The World’s Largest Piano Festival: A Fortuitous Meeting with the Maestro Sviatoslav Richter

After completing his studies in business management and music (percussion instruments, music history, musical notation, harmony, and electroacoustic music), René Martin created the Centre for Artistic Research and Creation in Nantes. As its artistic director, in 1979 he launched a project to organize an annual series of chamber music and spiritual concerts in Nantes and the Pays de Loire region.

In 1981 he established an international piano festival in La Roque d’Anthéron, a small village set in the natural beauty of Southern France. It has now grown to become the world’s largest piano festival, and has seen performances from world-class pianists such as Radu Lupu, Martha Argerich, Mikhail Pletnev, Evgeny Kissin, Nelson Freire and Nikolai Lugansky. In 1988, the great pianist Sviatoslav Richter asked René Martin to organize the Festival de la Grange de Meslay in the Touraine region of France; this was the start of a close collaborative relationship between the two men. Martin has now organized more than 100 concerts with Richter. He has also directed Richter’s December Nights music festival (in the Pushkin Museum in Moscow).

Martin launched the Moments Musicaux de l’Hermitage-Barrière series of concerts in La Baule, France in 1986, to which he has invited such leading figures in the world of chamber music today as the Lindsay String Quartet, the Ysaÿe Quartet, Alain Meunier, Régis Pasquier, Jean-Claude Pennetier, Roland Pidoux, Gérard Caussé, Renaud and Gautier Capuçon, and Jean-Efflam Bavouzet. Two years later, in 1988, Martin was appointed as artistic manager of the Abbaye Royale de Fontevraud, the biggest abbey in Western Christianity. The abbey has ten concert halls and regularly welcomes ensembles specializing in religious music led by such luminaries as Philippe Herreweghe, William Christie, Paul Van Nevel and Christoph Spering.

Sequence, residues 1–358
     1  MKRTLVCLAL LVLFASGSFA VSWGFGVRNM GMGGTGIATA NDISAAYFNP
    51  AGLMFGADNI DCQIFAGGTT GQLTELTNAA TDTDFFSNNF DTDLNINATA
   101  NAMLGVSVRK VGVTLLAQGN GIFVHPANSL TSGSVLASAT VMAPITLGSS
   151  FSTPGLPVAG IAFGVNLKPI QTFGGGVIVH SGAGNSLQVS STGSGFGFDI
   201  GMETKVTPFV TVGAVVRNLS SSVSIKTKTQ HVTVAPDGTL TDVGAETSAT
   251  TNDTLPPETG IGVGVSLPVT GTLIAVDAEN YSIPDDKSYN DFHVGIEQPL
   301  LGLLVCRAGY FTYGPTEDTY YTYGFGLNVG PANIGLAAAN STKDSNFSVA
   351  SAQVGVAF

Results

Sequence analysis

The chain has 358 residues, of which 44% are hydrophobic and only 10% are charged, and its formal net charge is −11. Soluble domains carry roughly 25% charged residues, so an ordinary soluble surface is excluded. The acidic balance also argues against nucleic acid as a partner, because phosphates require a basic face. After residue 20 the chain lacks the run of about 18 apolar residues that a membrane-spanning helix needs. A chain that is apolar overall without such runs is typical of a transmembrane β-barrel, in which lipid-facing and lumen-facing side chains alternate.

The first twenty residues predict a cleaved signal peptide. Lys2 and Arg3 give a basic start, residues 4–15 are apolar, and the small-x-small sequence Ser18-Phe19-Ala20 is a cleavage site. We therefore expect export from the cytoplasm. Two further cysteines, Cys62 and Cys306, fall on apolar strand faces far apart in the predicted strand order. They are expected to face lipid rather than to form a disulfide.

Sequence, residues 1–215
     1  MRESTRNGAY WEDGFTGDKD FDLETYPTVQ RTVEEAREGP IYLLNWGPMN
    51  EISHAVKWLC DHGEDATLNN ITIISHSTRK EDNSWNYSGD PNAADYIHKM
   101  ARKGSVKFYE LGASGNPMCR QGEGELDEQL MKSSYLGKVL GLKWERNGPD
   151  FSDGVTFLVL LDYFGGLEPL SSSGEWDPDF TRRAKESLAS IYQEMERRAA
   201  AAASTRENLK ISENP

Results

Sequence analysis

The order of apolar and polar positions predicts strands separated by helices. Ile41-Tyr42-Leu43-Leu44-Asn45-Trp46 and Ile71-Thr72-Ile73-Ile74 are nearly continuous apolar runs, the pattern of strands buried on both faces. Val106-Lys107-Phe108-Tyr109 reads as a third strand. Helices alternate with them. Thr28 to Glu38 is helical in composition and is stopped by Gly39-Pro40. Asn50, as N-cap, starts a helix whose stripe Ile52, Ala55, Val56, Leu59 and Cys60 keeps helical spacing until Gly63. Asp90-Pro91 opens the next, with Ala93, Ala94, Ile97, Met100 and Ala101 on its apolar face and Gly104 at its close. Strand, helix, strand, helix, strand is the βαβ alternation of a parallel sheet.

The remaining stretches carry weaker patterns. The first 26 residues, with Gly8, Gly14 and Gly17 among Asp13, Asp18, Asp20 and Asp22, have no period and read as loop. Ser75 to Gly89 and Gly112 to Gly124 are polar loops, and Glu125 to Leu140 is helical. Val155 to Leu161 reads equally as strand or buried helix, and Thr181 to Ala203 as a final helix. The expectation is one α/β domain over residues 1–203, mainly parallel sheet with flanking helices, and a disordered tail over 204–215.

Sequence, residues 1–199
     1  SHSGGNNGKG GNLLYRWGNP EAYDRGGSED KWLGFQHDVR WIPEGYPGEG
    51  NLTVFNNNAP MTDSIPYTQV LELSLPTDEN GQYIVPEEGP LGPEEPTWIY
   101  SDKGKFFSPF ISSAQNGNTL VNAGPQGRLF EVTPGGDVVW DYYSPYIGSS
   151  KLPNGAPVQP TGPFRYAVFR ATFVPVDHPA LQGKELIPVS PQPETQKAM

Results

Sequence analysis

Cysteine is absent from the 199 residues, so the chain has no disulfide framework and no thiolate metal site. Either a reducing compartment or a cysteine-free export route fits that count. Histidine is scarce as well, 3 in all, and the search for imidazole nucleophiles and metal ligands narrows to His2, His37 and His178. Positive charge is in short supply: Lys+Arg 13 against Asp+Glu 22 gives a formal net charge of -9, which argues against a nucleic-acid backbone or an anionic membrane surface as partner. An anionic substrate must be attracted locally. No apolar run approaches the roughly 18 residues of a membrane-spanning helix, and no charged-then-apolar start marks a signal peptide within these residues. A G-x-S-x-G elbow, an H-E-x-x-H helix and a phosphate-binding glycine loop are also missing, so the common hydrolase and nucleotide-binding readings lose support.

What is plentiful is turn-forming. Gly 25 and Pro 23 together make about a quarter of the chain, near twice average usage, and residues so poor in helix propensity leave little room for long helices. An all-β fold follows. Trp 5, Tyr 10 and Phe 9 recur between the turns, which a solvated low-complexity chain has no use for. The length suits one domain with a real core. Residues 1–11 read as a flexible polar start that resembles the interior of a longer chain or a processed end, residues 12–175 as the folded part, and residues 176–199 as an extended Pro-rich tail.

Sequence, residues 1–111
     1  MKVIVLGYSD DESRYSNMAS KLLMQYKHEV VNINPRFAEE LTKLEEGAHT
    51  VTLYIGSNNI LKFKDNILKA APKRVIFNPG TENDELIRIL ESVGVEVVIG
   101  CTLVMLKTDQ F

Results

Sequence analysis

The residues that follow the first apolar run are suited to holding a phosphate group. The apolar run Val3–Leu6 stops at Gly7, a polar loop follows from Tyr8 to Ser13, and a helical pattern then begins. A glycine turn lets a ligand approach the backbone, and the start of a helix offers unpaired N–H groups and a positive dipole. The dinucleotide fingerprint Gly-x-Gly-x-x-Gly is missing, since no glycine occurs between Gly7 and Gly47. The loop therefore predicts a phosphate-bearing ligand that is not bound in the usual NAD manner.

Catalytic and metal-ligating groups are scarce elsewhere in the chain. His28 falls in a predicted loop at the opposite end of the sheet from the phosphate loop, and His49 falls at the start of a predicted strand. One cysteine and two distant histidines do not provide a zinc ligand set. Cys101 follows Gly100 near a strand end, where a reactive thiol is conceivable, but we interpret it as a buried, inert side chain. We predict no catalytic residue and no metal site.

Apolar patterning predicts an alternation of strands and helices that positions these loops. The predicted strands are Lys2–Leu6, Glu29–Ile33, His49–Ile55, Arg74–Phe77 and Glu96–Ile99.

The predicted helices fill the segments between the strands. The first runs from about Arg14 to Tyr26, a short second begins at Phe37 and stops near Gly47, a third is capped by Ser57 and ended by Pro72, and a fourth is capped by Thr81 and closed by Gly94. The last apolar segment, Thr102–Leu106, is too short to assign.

The Musical Revolution that Began in Nantes

With Nantes as his base, Martin at the same time expanded his activities abroad, for example by organizing concert tours in Japan, Brazil and the UK. Based on these experiences, in 1995 Martin carried out an even more daring experiment. He launched La Folle Journée, an epoch-making music festival that radically overturns the traditional image of classical concerts. Martin organizes more than 230 concerts in this music festival every year, bringing great works from classic composers to a wide audience. In 2014, when La Folle Journée celebrated its 20th anniversary in Nantes, it attracted more than 144,000 music fans.

Appreciation for La Folle Journée has increased in Europe, and it has been held in Lisbon, Portugal since 2000, in Bilbao, Spain since 2002 and in Tokyo since 2005. It has also been held in Kanazawa and in Rio de Janeiro, Brazil in 2009, in Niigata, by Lake Biwa and in Warsaw, Poland in 2010, and in Tosu in 2011. All of these festivals were a great success and have generated interest as a cultural model for regional vitalization.

LFJ’s Reputation Continues to Grow as It Heads into the Future

La Folle Journée au Japon was first held in Tokyo in 2005, when it attracted a total audience of 320,000. Currently La Folle Journée au Japon is held simultaneously in four locations (Tokyo, Kanazawa, Niigata and Lake Biwa) and has gained a very high reputation for its innovative programs and the excellent quality of its concerts.

Richard Peduzzi, scenographer and managing director of the Villa Medici in Rome, asked Martin to become his musical consultant, and he was also appointed by Jérôme Deschamps and Macha Makeïeff, who manage the Théâtre de Nîmesin France, as their musical consultant.

In 2005, Martin received the Ordre National du Mérite from the French Ministry for Culture and Communication. In March of that year, President Yorge Sampaio of the Portuguese Republic awarded him the Commander’s Medal of the Order of the Infante Henrique, the highest honor that the Portuguese government can bestow upon a foreigner. In 2010, La Folle Journée was held in Warsaw to commemorate the 200th anniversary of Chopin’s birth. In recognition of its resounding success, the following year Martin received the Order of Cultural Merit from the Polish government. In 2013, he was commended by the Commissioner of the Agency for Cultural Affairs (in the Transmission of Culture category) in recognition of his contribution to international cultural exchanges in Japan.